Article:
Understand the process

Decisions about the funding usually involve a multistage process. Any proposal must be effective at each stage and meet the needs of the different audiences it will face. The first hurdle is to apply for schemes you are eligible for. Don’t ignore this point because it is always the first thing that any programme manager will say when asked about funding success. (This suggests they spend a lot of time returning unsuitable applications.) The next gatekeeper is the  reviewer, who I described as an expert with a magnifying glass – they will scrutinise costings, feasibility, methodology. Finally the panel play their part, but they have to look from the helicopter. Their concerns are about the big ideas in the proposal – what’s the state of the art, why are you novel and why should anyone care?

Convince the Reader of the Proposal’s Importance

These points came from reflections on proposals I’ve seen over last few years (with the cautionary note that these have mostly been complex EU and doctoral cohort grants). Despite the size and detail in these I can still remember the ones that were well written. I felt a sense of excitement about the research and an almost personal commitment to getting the funding. You want to get reader to feel that excitement. You want them to sense how important it is to you and that they want to play their part in getting it funded. It’s difficult to explain how to do this, but if you read a few successful grants you’ll udnerstand what I mean.

I would find it almost impossible to find the right tone of voice to achieve this on my own, so my advice is to get lots of people to read it as it develops. Look for people who can represent the reviewer and panel perspectives and find a way to convince both sets of decision makers with your writing.

Taking this apporach is also more liekly to result in an application which is easy to read and understand. This often manifests itself as internal consistency – a phrase I first heard from a very experienced panel member. This means that the idea is developed in a way that the reader can follow – all the key information is there and builds to convince that this is the right time, the right way and the right person. Ultimately it achieves the right outcome. When you set the context this leads to the core question which leads to the approach you will take which leads to the results you’ll expect which leads to the grand change in the world you are promising. (At no point should the reader feel baffled about anything that’s suddenly been thrown in – guide us gently through your big ideas.)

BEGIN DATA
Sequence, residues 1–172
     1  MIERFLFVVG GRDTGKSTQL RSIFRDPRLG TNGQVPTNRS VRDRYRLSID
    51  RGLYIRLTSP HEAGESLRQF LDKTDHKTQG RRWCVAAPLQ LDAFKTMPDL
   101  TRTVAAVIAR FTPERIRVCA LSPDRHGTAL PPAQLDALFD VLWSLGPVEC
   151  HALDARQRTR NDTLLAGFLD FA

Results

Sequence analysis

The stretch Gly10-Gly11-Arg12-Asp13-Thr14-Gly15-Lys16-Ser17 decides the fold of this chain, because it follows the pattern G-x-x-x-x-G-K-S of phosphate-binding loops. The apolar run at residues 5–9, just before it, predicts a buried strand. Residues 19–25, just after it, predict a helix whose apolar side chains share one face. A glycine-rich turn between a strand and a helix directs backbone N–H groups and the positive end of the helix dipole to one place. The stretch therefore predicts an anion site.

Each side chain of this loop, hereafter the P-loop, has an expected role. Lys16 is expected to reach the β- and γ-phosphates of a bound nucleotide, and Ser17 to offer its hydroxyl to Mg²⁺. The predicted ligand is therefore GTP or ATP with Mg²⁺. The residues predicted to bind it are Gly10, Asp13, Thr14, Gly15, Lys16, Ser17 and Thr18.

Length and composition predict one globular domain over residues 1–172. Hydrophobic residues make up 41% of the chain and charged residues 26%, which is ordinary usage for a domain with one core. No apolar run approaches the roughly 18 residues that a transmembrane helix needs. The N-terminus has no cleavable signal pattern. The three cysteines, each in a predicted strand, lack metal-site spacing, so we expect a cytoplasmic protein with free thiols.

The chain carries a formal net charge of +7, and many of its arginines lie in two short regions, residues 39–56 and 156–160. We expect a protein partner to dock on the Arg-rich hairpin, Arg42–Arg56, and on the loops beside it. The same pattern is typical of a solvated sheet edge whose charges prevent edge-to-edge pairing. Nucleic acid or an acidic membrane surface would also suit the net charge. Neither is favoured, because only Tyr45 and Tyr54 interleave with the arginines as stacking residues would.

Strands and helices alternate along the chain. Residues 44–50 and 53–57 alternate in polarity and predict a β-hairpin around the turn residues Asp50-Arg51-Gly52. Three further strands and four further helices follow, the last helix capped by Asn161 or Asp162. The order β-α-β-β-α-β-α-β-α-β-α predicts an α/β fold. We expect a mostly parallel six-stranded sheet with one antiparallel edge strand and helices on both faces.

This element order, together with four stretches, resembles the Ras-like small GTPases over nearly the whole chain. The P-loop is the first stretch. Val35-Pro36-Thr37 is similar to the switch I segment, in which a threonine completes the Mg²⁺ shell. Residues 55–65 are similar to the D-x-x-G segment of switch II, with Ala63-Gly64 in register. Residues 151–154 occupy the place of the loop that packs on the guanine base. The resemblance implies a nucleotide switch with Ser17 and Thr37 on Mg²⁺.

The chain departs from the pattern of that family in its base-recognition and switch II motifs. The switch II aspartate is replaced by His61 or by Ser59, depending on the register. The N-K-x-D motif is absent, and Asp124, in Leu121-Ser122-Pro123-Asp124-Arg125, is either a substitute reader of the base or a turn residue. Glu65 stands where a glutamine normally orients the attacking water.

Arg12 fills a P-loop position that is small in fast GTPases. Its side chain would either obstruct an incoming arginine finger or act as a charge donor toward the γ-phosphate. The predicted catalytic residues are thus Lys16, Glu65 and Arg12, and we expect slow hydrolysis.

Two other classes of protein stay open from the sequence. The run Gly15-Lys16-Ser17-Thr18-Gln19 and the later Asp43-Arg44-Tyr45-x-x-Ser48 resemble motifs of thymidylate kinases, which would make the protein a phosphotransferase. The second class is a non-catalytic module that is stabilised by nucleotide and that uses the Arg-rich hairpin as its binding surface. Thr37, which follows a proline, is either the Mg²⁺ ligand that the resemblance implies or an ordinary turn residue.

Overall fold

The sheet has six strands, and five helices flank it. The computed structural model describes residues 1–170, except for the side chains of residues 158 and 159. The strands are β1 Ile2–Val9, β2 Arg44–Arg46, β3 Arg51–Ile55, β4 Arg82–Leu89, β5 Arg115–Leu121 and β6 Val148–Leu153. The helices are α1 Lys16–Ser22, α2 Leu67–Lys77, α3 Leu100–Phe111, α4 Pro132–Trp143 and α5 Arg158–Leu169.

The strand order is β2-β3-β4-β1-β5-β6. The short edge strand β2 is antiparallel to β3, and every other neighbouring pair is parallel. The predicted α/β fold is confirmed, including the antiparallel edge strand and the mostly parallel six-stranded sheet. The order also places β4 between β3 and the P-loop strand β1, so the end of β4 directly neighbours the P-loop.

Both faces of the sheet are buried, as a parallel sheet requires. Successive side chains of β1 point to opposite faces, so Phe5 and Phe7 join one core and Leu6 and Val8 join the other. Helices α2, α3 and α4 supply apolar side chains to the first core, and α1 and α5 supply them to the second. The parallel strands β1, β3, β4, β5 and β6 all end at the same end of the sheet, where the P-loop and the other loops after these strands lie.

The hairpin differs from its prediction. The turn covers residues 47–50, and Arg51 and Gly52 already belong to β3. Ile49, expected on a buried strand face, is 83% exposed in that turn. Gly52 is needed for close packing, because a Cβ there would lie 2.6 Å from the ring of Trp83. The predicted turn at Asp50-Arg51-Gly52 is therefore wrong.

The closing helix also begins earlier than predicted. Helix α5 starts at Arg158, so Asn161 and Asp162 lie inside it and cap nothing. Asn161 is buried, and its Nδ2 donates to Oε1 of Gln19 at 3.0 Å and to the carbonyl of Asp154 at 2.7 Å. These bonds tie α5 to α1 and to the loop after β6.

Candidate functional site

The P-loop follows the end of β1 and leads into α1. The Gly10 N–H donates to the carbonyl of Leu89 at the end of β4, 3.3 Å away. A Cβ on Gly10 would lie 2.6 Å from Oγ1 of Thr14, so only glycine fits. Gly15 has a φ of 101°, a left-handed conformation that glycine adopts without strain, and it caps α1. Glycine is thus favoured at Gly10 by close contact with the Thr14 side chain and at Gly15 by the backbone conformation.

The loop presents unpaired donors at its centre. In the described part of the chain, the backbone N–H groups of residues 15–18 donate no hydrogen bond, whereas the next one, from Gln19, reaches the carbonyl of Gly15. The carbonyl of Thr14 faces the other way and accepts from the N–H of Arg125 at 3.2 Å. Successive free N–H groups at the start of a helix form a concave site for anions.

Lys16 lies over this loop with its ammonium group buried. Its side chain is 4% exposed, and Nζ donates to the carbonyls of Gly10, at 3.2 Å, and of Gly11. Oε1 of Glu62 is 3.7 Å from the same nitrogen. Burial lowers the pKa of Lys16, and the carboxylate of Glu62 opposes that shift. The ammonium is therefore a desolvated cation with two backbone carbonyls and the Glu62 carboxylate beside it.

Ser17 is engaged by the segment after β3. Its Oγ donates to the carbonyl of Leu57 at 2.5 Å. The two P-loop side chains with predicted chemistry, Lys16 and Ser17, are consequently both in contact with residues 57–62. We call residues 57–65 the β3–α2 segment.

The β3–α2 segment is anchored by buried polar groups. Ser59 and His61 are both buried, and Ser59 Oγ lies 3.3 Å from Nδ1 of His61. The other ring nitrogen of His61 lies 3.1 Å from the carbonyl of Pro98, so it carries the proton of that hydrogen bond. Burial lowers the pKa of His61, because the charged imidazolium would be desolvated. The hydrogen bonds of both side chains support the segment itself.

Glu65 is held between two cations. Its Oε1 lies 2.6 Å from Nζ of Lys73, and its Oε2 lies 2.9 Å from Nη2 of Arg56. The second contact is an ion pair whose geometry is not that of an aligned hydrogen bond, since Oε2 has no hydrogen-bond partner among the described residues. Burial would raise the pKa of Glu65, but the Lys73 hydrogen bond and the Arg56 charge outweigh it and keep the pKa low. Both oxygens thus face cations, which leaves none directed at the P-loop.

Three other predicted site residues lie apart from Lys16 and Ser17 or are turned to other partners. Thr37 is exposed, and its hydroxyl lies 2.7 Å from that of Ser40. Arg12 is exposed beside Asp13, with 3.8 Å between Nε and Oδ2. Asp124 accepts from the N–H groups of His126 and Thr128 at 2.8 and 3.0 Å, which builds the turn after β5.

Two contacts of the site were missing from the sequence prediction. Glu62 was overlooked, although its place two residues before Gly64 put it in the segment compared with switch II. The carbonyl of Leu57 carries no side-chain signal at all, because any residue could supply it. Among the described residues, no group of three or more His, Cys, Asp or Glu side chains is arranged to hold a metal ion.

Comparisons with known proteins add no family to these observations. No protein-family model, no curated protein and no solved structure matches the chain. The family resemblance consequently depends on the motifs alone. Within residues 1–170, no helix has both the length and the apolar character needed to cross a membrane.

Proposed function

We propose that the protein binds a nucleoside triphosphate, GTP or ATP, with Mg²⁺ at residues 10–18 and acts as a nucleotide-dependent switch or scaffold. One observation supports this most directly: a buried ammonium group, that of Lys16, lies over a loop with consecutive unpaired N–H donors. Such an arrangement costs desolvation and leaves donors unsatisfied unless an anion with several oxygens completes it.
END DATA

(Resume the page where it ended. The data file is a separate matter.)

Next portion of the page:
Present the Right Profile and Experience

This means that I’m convinced you are the right person for the job. Funding research is a risky business, not just in terms of who you give the money to, but also who you don’t. Every rejected proposal is a huge missed opportunity, so panelists want to be convinced that you are worth that risk. They need to see consistency between your track record and ambition; they need to see you will be able to achieve results because of experience and skills; they need to see you are working with the right people and these people want to work with you. In short, convince them you are safe.

Get the Right Support

This covers a number of ideas. There are the actual “letters of support” which must be specifically enthusiastic and committed. You want them to talk about how important the work will be to them and what a difference it will make, rather than general luke warm sentiments. Whilst thinking about this, remember that you take these people out of the reviewer pool by including them in the proposal, so pause for a moment and think who you want cheering from the inside and who you hope might cheer from the outside.

Anyone who reviews the proposal has the potential to become one of your cheerleaders,  so make it easy to read and easy to review. Understand the review process and structure your proposal to present all the information they need and to be convincing about the strength of your case.

Finally, remember that your reputation may walk into the room ahead of you. Are you out building your profile through seminars, visits, collaboration and engaging with others. What do people say about you and your work? Think about your uncontainable self and make sure that everyone who could be an advocate knows about your plans.  This way they can highlight your potential and achievements to the right people.

The final message is that there is an art to grant writing and it does come with practice, feedback and guidance. To anyone reading this I wish you good luck, but also the message that failure isn’t personal. Keep trying.

A couple of final references:

Arevalo, J. A Measure of Excellence of Young European Research Council Grantees Research Management Review, Volume 21, Number 1 (2016) I spotted this on twitter during the European Association of Research Managers and Administrators Conference which I sadly didn’t attend in Malta. (No, not bitter. I like Birmingham.) It’s not perfect – our local expert isn’t convinced of the link between h-index and success, but it shows that you can learn a lot about funding by doing a bit of research.

The reference above to the “Uncontainable Self” comes via the Digital Footprint MOOC and is taken from The academic online: Constructing persona through the World Wide Web Kim Barbour and David Marshall First Monday Volume 17, Number 9 – 3 September 2012